Last revised: 24 August 2021
Five Flags have flown over Kentucky during its formation:
The King’s Colors 1606.
|(Prior to the accession of James I in 1603, each of the British kingdoms has its own flags. The English flag was the cross of St. George, a red cross on a white field. The Scottish colors were the cross of St. Andrew, a white X shaped cross on a blue field. In 1606 King James ordered the two combined to form the “King’s Colors.” This was the flag which was most often seen in the English speaking colonies. It was not until 1801 that the red X shaped cross of St. Patrick was added, to form the Grand Union flag of today.)|
France claimed Kentucky from about 1643 until 1744, then tried to claim it again in 1749 which was not settled until the end of the French and Indian wars in 1763.
|(The White French flag with golden fleuers de-lis was the banner of the French monarchy. It flew over areas claimed by France, including the Ohio valley, and was the flag of our most significant ally during the War for American Independence.)|
Spain – Kentucky was claimed by Hernando de Soto in 1539 until 1763.
|(Modern Spain was formed by the union of the Kingdom of Aragon of King Ferdinand and the Kingdom of Castile and Leon of Queen Isabella, but it was only Isabella who sponsored the voyages of Christopher Columbus, and only Castile and Leon which claimed sovereignty over the New World. This flag combines the castles of Castile with the lions of Leon.)|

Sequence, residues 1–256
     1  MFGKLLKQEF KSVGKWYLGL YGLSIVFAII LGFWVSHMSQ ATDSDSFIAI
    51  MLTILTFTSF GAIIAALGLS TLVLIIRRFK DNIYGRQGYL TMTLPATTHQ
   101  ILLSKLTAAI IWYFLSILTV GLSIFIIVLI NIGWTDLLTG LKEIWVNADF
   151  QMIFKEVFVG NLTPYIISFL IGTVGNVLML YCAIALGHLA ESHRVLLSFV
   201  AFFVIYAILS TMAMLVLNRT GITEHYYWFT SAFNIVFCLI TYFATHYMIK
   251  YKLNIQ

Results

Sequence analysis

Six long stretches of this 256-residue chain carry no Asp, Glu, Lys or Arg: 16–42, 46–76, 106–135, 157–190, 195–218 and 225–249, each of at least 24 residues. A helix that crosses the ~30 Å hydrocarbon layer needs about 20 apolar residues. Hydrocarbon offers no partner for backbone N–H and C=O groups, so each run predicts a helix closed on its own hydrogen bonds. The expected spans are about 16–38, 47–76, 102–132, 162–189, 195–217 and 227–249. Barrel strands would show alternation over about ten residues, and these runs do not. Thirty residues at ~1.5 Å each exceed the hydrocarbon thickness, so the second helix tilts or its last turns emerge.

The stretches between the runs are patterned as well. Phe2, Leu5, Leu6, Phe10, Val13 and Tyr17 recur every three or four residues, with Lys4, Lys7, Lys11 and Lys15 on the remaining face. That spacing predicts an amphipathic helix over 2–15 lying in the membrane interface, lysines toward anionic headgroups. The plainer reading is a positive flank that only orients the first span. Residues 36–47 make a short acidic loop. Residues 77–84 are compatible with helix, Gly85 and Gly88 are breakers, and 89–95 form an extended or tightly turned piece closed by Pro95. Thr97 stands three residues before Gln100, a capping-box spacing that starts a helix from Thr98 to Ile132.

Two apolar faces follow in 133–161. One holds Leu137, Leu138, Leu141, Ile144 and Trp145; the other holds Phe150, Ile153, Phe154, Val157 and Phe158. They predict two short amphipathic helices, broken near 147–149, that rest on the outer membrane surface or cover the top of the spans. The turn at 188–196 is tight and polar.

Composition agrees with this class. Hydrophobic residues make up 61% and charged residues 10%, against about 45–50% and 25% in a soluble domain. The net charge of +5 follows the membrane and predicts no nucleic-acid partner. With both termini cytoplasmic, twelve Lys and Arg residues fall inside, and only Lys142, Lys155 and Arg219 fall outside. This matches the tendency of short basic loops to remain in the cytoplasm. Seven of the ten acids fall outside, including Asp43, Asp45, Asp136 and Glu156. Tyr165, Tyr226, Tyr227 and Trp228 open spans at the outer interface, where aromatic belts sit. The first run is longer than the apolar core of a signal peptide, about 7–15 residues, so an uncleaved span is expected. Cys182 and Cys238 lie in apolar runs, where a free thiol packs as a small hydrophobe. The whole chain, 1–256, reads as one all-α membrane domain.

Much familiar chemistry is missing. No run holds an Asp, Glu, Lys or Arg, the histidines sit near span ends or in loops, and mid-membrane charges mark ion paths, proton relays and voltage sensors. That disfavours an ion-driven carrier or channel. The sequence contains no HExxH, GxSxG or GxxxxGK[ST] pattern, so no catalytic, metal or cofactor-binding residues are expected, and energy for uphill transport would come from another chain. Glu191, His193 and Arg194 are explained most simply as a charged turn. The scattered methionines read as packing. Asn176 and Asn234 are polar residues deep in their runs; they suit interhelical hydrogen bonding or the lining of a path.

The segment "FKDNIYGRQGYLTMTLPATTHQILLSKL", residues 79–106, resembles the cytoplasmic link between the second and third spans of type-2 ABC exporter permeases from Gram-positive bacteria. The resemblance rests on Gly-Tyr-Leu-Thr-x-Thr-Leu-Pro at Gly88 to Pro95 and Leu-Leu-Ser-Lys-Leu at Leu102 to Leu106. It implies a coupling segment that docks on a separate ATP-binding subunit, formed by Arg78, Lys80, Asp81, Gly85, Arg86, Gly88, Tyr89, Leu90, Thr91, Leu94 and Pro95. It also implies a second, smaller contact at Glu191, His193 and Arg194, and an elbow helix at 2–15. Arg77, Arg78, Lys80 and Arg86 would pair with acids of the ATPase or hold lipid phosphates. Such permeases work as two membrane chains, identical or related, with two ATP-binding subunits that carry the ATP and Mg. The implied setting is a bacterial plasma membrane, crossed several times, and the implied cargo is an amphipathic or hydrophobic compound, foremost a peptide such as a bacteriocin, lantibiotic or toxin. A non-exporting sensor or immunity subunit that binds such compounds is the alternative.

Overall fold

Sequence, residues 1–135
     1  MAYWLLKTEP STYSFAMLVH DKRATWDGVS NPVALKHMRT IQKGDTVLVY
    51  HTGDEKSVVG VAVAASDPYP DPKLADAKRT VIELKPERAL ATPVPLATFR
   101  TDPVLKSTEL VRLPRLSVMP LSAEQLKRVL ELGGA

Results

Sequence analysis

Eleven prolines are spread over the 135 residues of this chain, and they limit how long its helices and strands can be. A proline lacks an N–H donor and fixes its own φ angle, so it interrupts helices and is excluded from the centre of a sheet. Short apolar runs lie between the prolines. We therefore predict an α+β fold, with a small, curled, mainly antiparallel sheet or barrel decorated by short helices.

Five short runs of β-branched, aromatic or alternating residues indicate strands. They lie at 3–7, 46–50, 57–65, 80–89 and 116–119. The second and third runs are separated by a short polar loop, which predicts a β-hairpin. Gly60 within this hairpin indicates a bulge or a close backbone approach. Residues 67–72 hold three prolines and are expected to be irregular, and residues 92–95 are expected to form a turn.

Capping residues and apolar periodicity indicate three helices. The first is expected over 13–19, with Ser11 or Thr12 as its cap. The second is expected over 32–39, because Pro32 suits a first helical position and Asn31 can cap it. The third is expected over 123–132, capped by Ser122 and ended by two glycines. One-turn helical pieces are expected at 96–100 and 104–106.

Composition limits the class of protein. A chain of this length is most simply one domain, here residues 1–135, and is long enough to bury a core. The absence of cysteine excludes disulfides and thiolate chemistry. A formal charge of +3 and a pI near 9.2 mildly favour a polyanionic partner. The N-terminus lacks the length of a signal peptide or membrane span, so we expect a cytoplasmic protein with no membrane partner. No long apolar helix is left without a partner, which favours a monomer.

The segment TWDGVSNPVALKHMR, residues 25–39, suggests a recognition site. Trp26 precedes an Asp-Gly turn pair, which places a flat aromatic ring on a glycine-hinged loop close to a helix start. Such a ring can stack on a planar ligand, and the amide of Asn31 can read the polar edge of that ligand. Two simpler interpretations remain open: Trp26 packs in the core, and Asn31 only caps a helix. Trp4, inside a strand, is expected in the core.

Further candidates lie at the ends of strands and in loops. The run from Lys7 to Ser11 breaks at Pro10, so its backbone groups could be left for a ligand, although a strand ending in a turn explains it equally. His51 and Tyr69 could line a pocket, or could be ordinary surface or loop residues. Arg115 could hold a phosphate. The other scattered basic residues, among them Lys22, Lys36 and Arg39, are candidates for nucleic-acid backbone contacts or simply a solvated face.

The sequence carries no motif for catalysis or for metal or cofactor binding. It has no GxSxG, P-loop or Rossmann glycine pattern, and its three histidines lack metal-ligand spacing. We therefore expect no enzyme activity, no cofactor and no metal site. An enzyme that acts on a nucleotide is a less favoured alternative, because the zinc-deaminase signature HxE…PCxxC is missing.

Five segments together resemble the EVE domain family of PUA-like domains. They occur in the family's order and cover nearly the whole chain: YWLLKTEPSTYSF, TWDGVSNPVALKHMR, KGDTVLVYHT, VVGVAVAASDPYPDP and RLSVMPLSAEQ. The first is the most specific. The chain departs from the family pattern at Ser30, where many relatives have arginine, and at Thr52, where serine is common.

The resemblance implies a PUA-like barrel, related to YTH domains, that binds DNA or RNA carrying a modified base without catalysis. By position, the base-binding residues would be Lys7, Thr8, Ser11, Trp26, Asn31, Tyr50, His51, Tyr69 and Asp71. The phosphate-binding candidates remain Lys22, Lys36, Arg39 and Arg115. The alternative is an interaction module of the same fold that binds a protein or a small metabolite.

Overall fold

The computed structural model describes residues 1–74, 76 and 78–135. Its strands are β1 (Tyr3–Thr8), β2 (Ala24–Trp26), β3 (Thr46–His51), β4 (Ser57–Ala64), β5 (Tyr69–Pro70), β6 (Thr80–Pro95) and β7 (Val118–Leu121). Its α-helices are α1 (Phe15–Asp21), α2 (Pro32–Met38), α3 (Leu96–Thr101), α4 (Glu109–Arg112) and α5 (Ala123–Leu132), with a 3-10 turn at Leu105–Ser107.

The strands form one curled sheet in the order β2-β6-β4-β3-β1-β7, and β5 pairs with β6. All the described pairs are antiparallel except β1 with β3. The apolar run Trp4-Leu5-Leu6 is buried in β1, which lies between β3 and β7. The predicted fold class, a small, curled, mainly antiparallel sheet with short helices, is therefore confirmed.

Below are The United States flags from June 14, 1777 until present, starting with the “Betsy Ross” (Upper left ) and the Congressman Francis Hopkinson (Upper Right) which is believed to be the original 13 stars and stripes flag. From the time of our first flag with 13 stripes and 13 stars, approved by the first Flag Act on June 14, 1777, to the current flag, with 50 stars approved on July 4, 1960, the design has changed several times to incorporate stars for the new states. The second Flag Act was approved on January 13,1794 with the addition of Vermont in 1791 and Kentucky in 1792 with 15 stars and 15 stripes. The flag which flew over Fort McHenry during the British bombardment in 1814 was known as the Kentucky flag. This 15 star, 15 stripe flag called “Old Glory”, (Lower left) had not been changed since 1794, although several additional states had been admitted since then. The third Flag Act occurred on April 4,1818 and reduced the number of stripes back to 13 to honor the 13 original colonies. The period from 1960 to the present is the longest period that our nation’s flag has remained unchanged. And last but not least, our current American Flag with 50 stars and 13 stripes. (Lower right)
The Kentucky Flag, designed and adopted in 1918. During the Civil War there was a short period duing which it was in-determinant as to whether it would be North or South but the Union Flag won out and was Kentucky’s unofficial flag until the 1918 flag was adopted.